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A History of Political Trials

From Charles I to Charles Taylor

John Laughland

The modern use of international tribunals to try heads of state for genocide and crimes against humanity is often considered a positive development. Many people think that the establishment of special courts to prosecute notorious dictators represents a triumph of law over impunity. In A History of Political Trials, John Laughland takes a very different and controversial view. He shows that trials of heads of state are in fact not new, and that previous trials throughout history have themselves violated the law and due process. It is the historical account which carries the argument. By examining trials of heads of state and government throughout history – figures as different as Charles I, Louis XVI, Erich Honecker, Saddam Hussein and Charles Taylor – Laughland shows that modern trials of heads of state have ugly historical precedents. In their different ways, all the trials he describes were marked by arbitrariness and injustice, and many were gross exercises in hypocrisy. Political trials, he finds, are only the continuation of war by other means. With short and easy chapters, but the fruit of formidable erudition and wide reading, this book will force the general reader to re-examine prevailing opinions on this subject.
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Whenever heads of state go on trial these days – and the phenomenon is becoming increasingly common – you can usually rely on someone to say that the event is unprecedented. In October 2007 a leading human rights organization said that the extradition of the former Peruvian president, Alberto Fujimori, to his native country from Chile was ‘the first time that a court has ordered the extradition of a former head of state to be tried for gross human rights violations in his home country.’ The same organization had previously said that the conviction for genocide of Jean Kambanda, the former prime minister of Rwanda, in 1998, was ‘historic’; that the trial of Slobodan Milošević, the former president of Yugoslavia, from 2001 to 2006, was ‘ground-breaking’; and that the trial of Charles Taylor, former president of Liberia, which started in late 2007, was ‘a break with the past’.1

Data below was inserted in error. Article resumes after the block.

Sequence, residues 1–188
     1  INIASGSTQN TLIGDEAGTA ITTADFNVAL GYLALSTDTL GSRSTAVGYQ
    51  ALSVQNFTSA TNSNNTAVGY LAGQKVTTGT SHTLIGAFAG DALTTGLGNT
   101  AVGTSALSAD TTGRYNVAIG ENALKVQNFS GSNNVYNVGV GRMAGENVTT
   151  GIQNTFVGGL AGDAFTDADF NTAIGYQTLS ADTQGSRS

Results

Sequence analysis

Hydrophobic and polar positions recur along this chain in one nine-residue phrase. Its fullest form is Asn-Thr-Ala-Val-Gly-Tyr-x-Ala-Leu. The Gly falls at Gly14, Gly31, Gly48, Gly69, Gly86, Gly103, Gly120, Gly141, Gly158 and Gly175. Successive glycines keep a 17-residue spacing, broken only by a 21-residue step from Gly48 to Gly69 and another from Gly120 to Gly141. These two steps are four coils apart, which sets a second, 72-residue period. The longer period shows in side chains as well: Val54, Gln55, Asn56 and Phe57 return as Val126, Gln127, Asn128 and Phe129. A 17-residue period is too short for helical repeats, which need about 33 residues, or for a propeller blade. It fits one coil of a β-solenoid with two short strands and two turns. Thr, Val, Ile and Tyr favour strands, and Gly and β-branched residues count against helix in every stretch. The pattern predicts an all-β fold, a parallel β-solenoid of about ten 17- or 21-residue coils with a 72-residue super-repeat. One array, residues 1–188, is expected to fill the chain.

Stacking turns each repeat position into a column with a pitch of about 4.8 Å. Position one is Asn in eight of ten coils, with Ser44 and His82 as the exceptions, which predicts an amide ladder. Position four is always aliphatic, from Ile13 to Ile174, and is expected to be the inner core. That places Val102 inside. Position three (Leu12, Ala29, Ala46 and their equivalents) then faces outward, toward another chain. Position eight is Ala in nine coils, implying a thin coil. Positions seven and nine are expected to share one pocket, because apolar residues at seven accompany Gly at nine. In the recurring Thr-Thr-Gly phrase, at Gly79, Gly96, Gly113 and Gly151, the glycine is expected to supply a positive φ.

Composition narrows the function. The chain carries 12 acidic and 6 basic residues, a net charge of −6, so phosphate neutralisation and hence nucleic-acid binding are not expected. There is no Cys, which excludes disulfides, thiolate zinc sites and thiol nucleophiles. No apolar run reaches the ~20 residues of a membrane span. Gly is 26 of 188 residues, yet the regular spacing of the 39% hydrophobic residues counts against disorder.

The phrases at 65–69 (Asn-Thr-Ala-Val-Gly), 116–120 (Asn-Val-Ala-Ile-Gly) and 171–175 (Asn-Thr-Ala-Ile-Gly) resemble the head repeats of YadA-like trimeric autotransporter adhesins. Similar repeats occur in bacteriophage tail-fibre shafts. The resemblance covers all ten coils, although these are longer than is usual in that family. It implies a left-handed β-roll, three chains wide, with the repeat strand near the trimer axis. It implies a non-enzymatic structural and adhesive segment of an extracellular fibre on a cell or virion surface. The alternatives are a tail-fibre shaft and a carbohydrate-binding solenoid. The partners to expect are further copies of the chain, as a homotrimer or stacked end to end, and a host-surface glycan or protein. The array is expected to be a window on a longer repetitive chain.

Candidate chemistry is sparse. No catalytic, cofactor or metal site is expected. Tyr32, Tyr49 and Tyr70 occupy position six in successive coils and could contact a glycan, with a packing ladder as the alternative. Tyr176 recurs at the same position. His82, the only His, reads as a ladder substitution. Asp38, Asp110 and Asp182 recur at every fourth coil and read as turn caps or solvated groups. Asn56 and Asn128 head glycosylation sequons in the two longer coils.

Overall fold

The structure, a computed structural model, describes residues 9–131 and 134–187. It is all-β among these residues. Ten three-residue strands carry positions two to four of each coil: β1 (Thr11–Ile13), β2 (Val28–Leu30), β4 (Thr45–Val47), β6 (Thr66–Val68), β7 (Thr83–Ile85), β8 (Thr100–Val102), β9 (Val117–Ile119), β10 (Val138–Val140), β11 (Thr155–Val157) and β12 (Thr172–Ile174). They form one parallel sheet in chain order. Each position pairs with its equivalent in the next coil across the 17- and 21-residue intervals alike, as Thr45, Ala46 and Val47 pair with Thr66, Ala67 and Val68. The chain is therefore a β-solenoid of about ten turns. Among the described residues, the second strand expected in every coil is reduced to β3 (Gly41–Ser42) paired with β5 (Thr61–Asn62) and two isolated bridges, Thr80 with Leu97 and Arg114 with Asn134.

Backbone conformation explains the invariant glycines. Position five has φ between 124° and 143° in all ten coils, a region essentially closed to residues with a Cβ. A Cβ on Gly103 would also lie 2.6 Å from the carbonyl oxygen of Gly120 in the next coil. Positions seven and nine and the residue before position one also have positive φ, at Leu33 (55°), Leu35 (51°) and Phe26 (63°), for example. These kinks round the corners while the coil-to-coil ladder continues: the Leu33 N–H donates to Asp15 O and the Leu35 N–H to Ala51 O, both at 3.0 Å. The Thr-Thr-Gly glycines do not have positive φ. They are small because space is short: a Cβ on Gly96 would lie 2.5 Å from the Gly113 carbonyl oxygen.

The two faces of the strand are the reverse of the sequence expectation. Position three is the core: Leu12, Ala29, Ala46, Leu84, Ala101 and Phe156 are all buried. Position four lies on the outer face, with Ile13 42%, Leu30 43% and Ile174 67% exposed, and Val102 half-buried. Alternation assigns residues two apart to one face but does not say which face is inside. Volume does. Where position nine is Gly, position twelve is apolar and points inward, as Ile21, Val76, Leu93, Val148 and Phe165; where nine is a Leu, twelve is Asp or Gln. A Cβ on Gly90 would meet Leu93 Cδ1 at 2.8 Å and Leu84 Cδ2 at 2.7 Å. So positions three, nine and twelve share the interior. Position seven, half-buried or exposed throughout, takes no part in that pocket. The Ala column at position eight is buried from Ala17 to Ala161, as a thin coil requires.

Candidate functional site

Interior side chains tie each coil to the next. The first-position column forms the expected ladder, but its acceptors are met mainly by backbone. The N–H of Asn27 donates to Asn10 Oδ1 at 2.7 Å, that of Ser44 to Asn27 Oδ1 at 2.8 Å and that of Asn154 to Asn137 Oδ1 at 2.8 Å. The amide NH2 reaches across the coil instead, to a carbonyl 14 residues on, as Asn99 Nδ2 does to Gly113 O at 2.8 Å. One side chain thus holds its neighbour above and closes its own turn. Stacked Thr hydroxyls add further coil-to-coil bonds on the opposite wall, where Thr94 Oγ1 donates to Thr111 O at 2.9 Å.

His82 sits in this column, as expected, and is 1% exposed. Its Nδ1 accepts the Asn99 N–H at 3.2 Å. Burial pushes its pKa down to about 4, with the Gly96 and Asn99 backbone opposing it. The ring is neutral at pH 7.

The reason why such trials are greeted as marking new events is that they are indeed part of a new trend towards military and judicial interventionism, and towards rule by supranational political and judicial institutions. In most cases, recent trials of heads of state have been conducted before those international or partly international tribunals which have proliferated since the end of the Cold War: the International Criminal Tribunal for the former Yugoslavia (ICTY, created in 1993); the International Criminal Tribunal for Rwanda (ICTR, created in 1994); the Special Court for Sierra Leone (created in 1996, which organized the trial...

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